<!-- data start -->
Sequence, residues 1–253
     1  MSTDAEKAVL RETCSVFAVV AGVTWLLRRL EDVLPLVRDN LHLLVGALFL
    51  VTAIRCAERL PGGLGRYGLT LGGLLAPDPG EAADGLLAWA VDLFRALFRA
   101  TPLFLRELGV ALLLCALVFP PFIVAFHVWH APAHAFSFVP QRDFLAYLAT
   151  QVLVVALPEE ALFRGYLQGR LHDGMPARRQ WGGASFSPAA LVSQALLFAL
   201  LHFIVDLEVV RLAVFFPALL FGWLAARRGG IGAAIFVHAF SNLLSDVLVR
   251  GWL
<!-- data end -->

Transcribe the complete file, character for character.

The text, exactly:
Sequence, residues 1–253
     1  MSTDAEKAVL RETCSVFAVV AGVTWLLRRL EDVLPLVRDN LHLLVGALFL
    51  VTAIRCAERL PGGLGRYGLT LGGLLAPDPG EAADGLLAWA VDLFRALFRA
   101  TPLFLRELGV ALLLCALVFP PFIVAFHVWH APAHAFSFVP QRDFLAYLAT
   151  QVLVVALPEE ALFRGYLQGR LHDGMPARRQ WGGASFSPAA LVSQALLFAL
   201  LHFIVDLEVV RLAVFFPALL FGWLAARRGG IGAAIFVHAF SNLLSDVLVR
   251  GWL